It is normal to have issues with your skateboards, such as strange noises or squeaky skateboard trucks. They happen with skateboards either just freshly out of the box or after extended use. What we should do is find out the reasons for the noise and fix it.
So, why is my skateboard so loud?, you might ask. You just need to assess your skateboard. It could be from dry bearings, unstable washers, flat-spotting on the wheels, damaged pivot cup and bushings, or loose screws.
Table of Contents
What Causes a Noisy Skateboard?
Let’s get into the most plausible reasons for loud skateboards. Plus, we’ll also come up with solutions to solve these problems.
1. Flat-spotting on the wheels
Bumpy and noisy rides are not our thing as skateboarders. This issue often comes from flat-spotting caused by power sliding.
There should be the anticipation on your end that your wheels will soon begin to wear out. So, you might have to change wheels after a while of sliding or grinding against the ground.
And while changing wheels may be costly, it will keep our skating smooth.
Some skateboarders consider scrapping the flat-spotted areas of the wheel, but this remedy doesn’t yield anything good.
2. Unfitted Washers
If you hear creaking sounds or skateboard wheels clicking when leaning, it’s often because of moving washers. And what causes it to move? It’s an oversized hole.
While buying washers of the appropriate size helps, there are still a few remedies you can perform before heading into the skate shop.
- Unscrew the kingpin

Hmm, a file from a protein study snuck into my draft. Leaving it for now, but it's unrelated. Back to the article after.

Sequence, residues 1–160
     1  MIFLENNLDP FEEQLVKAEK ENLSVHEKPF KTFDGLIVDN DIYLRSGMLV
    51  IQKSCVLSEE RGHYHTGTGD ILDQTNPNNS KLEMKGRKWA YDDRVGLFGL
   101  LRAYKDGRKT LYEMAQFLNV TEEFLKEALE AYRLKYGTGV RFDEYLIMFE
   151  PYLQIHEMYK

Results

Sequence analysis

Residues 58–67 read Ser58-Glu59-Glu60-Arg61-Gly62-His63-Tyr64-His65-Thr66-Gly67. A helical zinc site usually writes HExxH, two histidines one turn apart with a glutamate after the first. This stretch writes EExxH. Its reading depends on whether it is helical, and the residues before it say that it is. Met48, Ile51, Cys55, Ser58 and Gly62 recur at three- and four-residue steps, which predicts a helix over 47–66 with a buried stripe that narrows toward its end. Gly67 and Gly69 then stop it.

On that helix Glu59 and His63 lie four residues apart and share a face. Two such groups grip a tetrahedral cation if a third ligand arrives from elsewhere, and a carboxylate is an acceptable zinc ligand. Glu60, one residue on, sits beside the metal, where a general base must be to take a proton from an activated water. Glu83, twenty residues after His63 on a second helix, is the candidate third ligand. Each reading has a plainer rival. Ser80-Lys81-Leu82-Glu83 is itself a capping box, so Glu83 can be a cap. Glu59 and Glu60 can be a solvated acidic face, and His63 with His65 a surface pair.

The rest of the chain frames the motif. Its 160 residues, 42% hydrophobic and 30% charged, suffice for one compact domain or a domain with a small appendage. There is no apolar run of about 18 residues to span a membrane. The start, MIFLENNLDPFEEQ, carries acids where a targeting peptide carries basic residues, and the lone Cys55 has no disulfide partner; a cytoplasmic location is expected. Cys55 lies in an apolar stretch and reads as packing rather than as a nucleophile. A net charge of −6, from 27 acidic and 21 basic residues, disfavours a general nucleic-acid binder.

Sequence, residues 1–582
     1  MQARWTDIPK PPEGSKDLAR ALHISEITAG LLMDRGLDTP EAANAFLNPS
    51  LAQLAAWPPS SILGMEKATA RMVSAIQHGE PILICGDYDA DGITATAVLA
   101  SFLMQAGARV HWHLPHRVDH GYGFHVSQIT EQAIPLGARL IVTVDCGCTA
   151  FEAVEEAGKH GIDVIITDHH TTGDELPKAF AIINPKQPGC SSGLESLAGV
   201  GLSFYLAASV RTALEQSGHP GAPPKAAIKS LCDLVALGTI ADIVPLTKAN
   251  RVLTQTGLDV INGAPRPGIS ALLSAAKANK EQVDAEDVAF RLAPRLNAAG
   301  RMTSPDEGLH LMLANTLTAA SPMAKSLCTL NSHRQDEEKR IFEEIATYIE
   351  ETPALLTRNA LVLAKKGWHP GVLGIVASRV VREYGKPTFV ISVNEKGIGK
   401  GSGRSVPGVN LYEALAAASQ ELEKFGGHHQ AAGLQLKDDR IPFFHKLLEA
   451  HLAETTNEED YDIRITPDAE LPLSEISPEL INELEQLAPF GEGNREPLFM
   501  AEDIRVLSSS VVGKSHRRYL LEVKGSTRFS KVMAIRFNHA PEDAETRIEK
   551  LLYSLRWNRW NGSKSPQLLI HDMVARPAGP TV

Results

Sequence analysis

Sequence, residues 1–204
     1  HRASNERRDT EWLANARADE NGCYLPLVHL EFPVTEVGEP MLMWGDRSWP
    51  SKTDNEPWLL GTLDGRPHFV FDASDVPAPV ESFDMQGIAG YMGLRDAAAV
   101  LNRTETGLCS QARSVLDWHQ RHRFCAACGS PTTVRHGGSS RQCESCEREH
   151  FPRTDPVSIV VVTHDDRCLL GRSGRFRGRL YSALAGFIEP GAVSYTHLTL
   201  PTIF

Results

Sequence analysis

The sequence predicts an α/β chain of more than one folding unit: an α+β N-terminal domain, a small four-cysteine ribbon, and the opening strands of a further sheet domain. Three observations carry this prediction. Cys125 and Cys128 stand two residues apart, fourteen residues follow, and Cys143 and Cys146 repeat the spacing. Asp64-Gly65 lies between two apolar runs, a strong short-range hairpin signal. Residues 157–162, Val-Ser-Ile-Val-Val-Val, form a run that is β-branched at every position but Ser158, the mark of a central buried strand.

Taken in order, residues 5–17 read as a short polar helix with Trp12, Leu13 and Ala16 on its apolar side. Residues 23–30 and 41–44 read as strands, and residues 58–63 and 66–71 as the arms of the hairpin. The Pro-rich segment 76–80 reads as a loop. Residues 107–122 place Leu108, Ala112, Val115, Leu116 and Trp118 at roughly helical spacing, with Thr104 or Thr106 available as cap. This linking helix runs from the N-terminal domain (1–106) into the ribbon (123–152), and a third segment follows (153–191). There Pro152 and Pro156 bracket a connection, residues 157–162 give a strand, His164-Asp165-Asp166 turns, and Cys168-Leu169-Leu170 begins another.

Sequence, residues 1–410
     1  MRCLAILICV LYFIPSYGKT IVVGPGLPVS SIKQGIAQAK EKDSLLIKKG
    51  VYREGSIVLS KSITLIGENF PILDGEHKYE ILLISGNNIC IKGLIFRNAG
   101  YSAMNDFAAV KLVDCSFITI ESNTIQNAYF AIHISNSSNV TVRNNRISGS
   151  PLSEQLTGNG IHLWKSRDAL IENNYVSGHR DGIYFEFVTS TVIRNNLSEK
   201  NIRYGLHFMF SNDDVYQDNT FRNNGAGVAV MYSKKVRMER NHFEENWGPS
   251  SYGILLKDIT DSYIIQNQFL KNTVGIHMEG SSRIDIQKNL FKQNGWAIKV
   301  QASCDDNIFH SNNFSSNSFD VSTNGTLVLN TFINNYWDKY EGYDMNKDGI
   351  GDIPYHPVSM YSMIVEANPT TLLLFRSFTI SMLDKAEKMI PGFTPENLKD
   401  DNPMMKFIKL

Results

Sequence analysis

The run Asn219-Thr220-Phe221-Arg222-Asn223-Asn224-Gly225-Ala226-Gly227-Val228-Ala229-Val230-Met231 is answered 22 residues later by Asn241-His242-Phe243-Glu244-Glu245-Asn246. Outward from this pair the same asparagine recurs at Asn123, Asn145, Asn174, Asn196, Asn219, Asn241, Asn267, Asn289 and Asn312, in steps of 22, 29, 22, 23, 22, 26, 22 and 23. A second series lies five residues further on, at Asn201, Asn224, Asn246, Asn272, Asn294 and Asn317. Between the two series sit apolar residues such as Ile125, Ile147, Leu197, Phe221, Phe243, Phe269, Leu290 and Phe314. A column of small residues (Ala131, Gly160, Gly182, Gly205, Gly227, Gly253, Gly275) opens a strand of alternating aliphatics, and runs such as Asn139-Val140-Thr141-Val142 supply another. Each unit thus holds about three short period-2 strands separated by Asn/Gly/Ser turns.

- Grab a Teflon or duct tape
- Wrap the kingpin threads to make them thick enough to fit the washer’s hole.
This solution may work for some time. But in no guarantee will last. The washer’s friction against the kingpin will wear out the Teflon or duct tape you applied. So, you might as well consider spending on a new set.
3. Damaged pivot cup and loose screws
Another reason why skateboards make loud noises when leaning is loose screws and pivot cup issues. For wobbly screws, there’s not much to do except tighten them.
If tightening your screws won’t do any trick, it might be pivot cups that need solutions. Here’s how we solve it.
- Step 1: Loosen the kingpin nut.
- Step 2: Pull the truck’s body out of the pivot hole.
- Step 3: Detach the pivot cup off the hanger and check for wear and tear.
- Step 4: Free the pivot hole from any gunk and apply lubricant.
- Step 5: Put the pivot cup back and assemble the entire truck.
- Step 6: Try doing a test ride to know if the problem persists.
If you see marks of wear and tear on the pivot cup, don’t compromise. It will be better to buy new pivot cups.
4. Dry bearings
We all have learned about maintaining skateboard bearings. And one of the instances that take us to these practices is the rattling noise they make from drying up. The best way to counter these problems is by cleaning the old ones. Here’s how:
- Step 1: Take the bearings off the wheels.
- Step 2: Detach the bearing shields
- Step 3: Soak the naked bearings in an acetone or alcohol solution.
- Step 4: Dry the wheel cores and poke any dirt left.
- Step 5: Apply silicone-based lubricant on the bearings.
- Step 6: Put the shields back and install the bearings on the wheels.